Elderly adults are prone to dehydration as a result of a diminished sense of thirst that often occurs in older age. And seniors with dementia can quickly become seriously dehydrated because they may not be able to recognize thirst, remember where water is located or have the physical ability to sip fluids throughout the day without assistance.
According to the Mayo Clinic, older adults naturally have a lower volume of water in their bodies and even minor health problems that affect the lungs or bladder can increase the risk for dehydration. Some medications can also contribute to dehydration. Severe dehydration can lead to damage of brain cells if fluids are consumed too quickly following dehydration; seizure, loss of consciousness, kidney failure, coma and even death are also possible when elderly adults become seriously dehydrated.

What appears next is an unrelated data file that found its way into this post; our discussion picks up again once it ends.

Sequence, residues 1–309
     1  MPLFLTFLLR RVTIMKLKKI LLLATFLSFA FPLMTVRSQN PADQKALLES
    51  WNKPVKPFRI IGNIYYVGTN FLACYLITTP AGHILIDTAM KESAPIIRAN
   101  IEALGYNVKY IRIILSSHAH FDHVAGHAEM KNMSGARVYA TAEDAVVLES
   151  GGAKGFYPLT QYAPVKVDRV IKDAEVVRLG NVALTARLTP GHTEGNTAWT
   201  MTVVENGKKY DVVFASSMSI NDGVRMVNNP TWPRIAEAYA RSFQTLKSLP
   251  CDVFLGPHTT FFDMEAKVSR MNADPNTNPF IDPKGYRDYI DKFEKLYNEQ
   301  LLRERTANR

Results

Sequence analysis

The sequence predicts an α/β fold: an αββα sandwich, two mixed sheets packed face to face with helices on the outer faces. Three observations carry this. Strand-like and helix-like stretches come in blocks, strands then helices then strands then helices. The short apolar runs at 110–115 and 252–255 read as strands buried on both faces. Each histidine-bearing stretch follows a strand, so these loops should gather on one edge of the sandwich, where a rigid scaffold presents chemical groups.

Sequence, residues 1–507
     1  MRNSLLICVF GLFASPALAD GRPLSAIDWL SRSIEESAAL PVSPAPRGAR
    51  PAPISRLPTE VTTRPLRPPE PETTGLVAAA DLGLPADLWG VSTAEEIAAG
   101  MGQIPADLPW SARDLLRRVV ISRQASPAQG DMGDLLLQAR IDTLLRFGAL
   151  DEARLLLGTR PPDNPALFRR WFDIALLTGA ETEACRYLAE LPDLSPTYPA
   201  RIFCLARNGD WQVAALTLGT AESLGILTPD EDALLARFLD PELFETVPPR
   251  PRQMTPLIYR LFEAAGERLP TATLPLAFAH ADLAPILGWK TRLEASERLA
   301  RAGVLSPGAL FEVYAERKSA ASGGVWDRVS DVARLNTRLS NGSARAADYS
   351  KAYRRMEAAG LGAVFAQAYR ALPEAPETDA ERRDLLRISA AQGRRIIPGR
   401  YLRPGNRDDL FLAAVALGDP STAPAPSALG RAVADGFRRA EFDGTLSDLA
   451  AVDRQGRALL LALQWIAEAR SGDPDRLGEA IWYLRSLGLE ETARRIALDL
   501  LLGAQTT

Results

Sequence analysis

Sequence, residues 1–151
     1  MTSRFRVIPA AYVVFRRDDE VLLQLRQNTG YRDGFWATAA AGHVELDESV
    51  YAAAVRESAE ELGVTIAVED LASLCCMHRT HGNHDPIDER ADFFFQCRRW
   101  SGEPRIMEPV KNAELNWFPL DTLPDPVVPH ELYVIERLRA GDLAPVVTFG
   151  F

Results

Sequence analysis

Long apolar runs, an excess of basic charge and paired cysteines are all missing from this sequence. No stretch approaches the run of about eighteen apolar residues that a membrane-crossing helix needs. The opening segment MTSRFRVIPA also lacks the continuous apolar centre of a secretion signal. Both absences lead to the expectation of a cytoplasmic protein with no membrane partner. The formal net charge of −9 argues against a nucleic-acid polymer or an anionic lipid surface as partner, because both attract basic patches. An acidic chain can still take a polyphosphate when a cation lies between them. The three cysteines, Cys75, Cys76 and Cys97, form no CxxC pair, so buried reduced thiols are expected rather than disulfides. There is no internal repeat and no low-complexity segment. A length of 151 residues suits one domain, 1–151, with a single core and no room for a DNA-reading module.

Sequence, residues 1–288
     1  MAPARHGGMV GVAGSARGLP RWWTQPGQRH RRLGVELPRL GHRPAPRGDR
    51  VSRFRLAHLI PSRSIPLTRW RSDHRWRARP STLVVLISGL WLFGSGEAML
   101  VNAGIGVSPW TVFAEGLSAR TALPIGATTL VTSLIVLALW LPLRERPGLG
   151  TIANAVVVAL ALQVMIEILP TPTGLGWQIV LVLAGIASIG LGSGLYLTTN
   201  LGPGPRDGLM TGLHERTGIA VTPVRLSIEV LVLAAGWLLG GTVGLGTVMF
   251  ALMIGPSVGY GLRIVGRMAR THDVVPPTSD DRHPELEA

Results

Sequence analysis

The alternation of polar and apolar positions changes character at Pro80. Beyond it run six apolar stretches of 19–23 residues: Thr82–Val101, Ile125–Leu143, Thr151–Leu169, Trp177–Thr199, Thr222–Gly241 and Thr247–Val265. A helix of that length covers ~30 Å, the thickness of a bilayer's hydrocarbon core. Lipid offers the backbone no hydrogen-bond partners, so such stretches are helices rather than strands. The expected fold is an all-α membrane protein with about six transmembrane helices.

A 24-year-old student at the Royal College of Art in London may have found an innovative solution to this health concern for people with dementia. Lewis Hornby recently developed brightly colored edible water pods to help his grandmother with dementia who has great difficulty staying hydrated and had been rushed to hospital with severe dehydration. By living in his grandmother’s nursing home for a week, Hornby gained a better understanding of what form of a “super hydrating” food would most appeal to older adults with dementia. After several experiments, he learned that residents were receptive to a treat-like box of colorful drops that could be easily picked up by hand and swallowed. The Jelly Drops he created are 90 percent water, easy to grip and leave no residue on hands.
Not only do Jelly Drops provide hydration for seniors, the format of offering a treat to people with dementia provides caregivers with an opportunity for positive social interaction. The award-winning drops are being trialed in several care homes and plans are underway to put the invention into production. Learn more on the project’s Facebook page here.